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Homework: Nuclear Chemistry

See also Alpha and Beta Radiation
Positron Emission and Electron Capture

Answer the questions with complete sentences.

  1. What is radiation in general? Give examples of some types of radiation. Distinguish between ionizing radiation and non-ionizing radiation.
  2. What causes nuclear radiation?
  3. What are the three types of nuclear radiation and how are they different from one another?
  4. All kinds of radiation are not equally dangerous. Which kinds can cause physical harm to living things and which can’t? Why?
  5. For each of the following decay modes give the nuclear symbol of the emitted or absorbed particle and give a rule for how the decay changes the original nucleus.
    1. α alpha radiation:
    2. β beta radiation:
    3. β+ positron radiation:
    1. γ gamma radiation
    2. electron capture:
  6. For each of the following decay modes give an example of a balanced nuclear decay equation. Use other handouts you have received or the internet to find some examples.
    1. α alpha radiation:
    2. β beta radiation:
    3. β+ positron radiation:
    1. γ gamma radiation
    2. electron capture:

  1. What is a Geiger counter and how does it work?
  2. What kind of shielding is required for each of the three major types of ionizing radiation (alpha, beta-minus, and gamma)?
  3. Experts disagree but the general consensus is that no amount of exposure to ionizing radiation is safe. If there is an intense source nearby what is the best strategy: to shield yourself from it or to move away from it? Why?
  4. Define the term half-life. Also, describe how the intensity of radiation from a sample changes over time.
  1. How much of a sample of radioactive atoms remains undecayed for each of the following numbers of half-lives?
    1 half-life:                                                          4 half-lives:
    2 half-lives:                                                       3.25 half-lives:
    3 half-lives:
  2. If the half-life of an unstable isotope is 31 days then how long will it until be the following amounts remain undecayed?
    50%                                                          6.25%
    25%                                                          10.5%
  3. How many half-lives aluminum-26 have passed if the fraction remaining is 3.125%? How much time does it take for an original sample of this isotope to decay to this level? The half-life of 26Al is 717,000 years.
  4. For equal numbers of atoms, which type has higher-intensity radiation: a radioactive isotope with a short half-life or one with a long half-life. Why?
  5. Tritium has a half-life of 12.3 years. A sample of 10 milligrams has been left on a shelf for 20 years. What percentage of the original tritium sample remains undecayed? What mass of tritium is still around? (Hint: first find the number of half-lives and then find the fraction remaining).

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Nuclear Reactions

Complete the following exercises to practice writing and completing nuclear decay, fusion, fission, and transmutation equations.

For the following exercises, fill in the missing particle and give a name to what is happening. Identify whether it is a type of nuclear decay, fission, fusion, or transmutation. Only one particle is missing from each equation. Space has been provided both before and after the arrow but you must determine where the missing particles belong.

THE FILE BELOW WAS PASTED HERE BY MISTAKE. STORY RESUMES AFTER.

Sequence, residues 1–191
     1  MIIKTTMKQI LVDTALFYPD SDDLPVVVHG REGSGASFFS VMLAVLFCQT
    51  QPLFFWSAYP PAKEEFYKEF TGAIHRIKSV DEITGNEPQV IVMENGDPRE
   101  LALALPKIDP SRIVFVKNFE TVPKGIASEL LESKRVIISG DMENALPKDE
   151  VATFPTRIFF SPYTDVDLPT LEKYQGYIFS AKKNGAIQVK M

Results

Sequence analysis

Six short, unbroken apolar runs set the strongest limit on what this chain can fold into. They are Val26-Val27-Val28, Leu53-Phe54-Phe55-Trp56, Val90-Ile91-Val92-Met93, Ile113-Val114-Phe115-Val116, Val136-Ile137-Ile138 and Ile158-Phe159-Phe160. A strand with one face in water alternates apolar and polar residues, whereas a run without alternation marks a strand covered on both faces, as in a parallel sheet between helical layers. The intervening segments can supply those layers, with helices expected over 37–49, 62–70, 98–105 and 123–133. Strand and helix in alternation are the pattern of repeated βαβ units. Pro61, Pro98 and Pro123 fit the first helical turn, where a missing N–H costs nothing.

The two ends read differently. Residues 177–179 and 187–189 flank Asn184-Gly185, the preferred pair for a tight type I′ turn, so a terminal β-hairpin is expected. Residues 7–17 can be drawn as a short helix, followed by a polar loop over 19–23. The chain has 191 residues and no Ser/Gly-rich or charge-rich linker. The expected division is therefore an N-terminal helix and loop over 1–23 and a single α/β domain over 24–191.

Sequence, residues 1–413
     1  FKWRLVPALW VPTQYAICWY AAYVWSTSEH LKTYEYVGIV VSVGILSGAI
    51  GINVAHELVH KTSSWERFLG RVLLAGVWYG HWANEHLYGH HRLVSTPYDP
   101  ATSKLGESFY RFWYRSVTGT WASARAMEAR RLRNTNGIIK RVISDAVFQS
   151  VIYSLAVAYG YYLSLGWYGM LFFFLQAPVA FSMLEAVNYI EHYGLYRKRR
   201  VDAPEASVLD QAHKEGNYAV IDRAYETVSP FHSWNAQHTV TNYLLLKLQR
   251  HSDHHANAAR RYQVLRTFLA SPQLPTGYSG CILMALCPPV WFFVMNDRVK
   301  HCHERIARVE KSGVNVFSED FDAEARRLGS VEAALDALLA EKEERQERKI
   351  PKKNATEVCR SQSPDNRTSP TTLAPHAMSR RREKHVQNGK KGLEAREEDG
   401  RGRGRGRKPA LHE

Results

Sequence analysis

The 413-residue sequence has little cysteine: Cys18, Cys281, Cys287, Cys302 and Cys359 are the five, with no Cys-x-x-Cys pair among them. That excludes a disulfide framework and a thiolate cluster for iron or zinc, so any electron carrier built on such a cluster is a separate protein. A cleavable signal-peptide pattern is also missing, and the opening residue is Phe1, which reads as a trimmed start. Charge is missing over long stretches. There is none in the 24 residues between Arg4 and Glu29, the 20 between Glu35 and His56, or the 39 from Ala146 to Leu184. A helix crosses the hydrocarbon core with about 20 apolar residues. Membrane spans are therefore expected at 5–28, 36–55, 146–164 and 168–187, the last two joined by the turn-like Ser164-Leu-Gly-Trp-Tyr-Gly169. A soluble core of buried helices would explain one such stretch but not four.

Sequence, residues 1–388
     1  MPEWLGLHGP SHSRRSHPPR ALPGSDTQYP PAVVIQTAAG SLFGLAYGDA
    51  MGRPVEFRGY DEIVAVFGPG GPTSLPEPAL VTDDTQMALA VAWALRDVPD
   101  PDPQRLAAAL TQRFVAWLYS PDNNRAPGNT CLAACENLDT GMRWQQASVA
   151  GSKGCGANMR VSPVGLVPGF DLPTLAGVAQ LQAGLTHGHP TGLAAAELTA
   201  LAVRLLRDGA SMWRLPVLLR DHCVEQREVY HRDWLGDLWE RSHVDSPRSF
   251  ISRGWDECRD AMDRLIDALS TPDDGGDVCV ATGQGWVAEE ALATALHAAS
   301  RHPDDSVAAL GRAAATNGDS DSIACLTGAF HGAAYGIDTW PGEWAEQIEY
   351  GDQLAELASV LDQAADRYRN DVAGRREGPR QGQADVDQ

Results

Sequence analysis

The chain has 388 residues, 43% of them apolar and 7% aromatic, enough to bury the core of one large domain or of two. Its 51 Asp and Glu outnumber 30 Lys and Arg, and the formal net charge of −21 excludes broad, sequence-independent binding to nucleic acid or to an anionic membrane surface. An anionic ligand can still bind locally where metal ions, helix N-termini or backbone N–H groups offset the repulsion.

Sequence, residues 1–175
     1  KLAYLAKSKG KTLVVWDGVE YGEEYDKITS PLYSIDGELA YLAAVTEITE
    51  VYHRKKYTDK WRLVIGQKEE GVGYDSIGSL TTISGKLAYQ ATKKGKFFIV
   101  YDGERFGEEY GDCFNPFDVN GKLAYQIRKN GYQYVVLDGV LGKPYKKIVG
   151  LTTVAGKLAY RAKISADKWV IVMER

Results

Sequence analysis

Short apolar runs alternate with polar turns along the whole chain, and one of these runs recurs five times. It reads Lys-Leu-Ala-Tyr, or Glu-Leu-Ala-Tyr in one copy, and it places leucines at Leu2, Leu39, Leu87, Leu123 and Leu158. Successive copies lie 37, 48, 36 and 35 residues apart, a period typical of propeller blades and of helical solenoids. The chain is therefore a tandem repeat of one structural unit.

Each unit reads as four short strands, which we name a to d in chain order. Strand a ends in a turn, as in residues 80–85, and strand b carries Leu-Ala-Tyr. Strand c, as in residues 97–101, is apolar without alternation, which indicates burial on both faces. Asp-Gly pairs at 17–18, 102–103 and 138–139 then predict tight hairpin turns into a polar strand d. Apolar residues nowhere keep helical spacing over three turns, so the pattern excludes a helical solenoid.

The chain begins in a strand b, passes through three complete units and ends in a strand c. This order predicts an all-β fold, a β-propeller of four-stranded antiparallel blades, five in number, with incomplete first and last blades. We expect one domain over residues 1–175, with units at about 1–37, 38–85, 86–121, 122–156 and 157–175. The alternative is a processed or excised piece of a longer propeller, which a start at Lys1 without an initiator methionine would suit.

1. 24797Bk                => 42He
  2. 20178Pt                => 0–1e
  3. 4930Zn                => 4929Cu
    (there are two possible correct answers; give both)
  4.                 => 7535Br + 0+1e+
  5.                 => 42He + 21884Po
  1.                 2814Si => 3116S + 10n0
  2.                 126C + 25098Cf => 410n0
  3.                 11H + 31H =>  
  4.                 10n0 => 9037Rb + 14355Cs + 310n0
  5.                 23994Pu + 10n0 => 14853Ce + 210n0

Each of the following exercises describes a nuclear change. Write a correct and balanced nuclear equation for each one.

  1. A Roentgenium-272 nucleus undergoes alpha-decay.
  2. Write an equation for the positron decay of zirconium-86.
  3. An iron-58 nucleus is hit by a bismuth-209 nucleus to form meitnerium-266 and a neutron.
  1. Write an equation for the electron capture decay of tungsten-180.
  2. A plutonium-239 nucleus absorbs a neutron and fissions to release three neutrons, a krypton-81 nucleus and one other atomic nucleus.
  3. Nitrogen-14 is the result of the beta-decay another isotope of another element. Identify the element and write the nuclear equation.

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The type of reaction will be indicated by the following codes: α (alpha radiation), β (beta-minus radiation), β+ (positron radiation), or EC (electron capture). Complete each nuclear equation.
  1. β13  5B  —>
  2. α 23492U —>         +
  3. EC 8642Mo +         —>
  4. β+        —> 50 28Ni +
  5. α         —> 22687Fr +
  6. β        —> 87 38Sr +
  7. β+11757La  —>
  8. EC         +         —> 18978Pt
  1. α         —> 18676Os +
  2. β+5731Ga  —>
  3. β        —> 40 17Cl +
  4. EC         +         —> 12456Ba
  5. α 24195Am —>         +
  6. β3919K  —>
  7. β+        —> 67 34Se +
  8. EC 12860Nd +         —>
Last updated: Feb 25, 2015        Home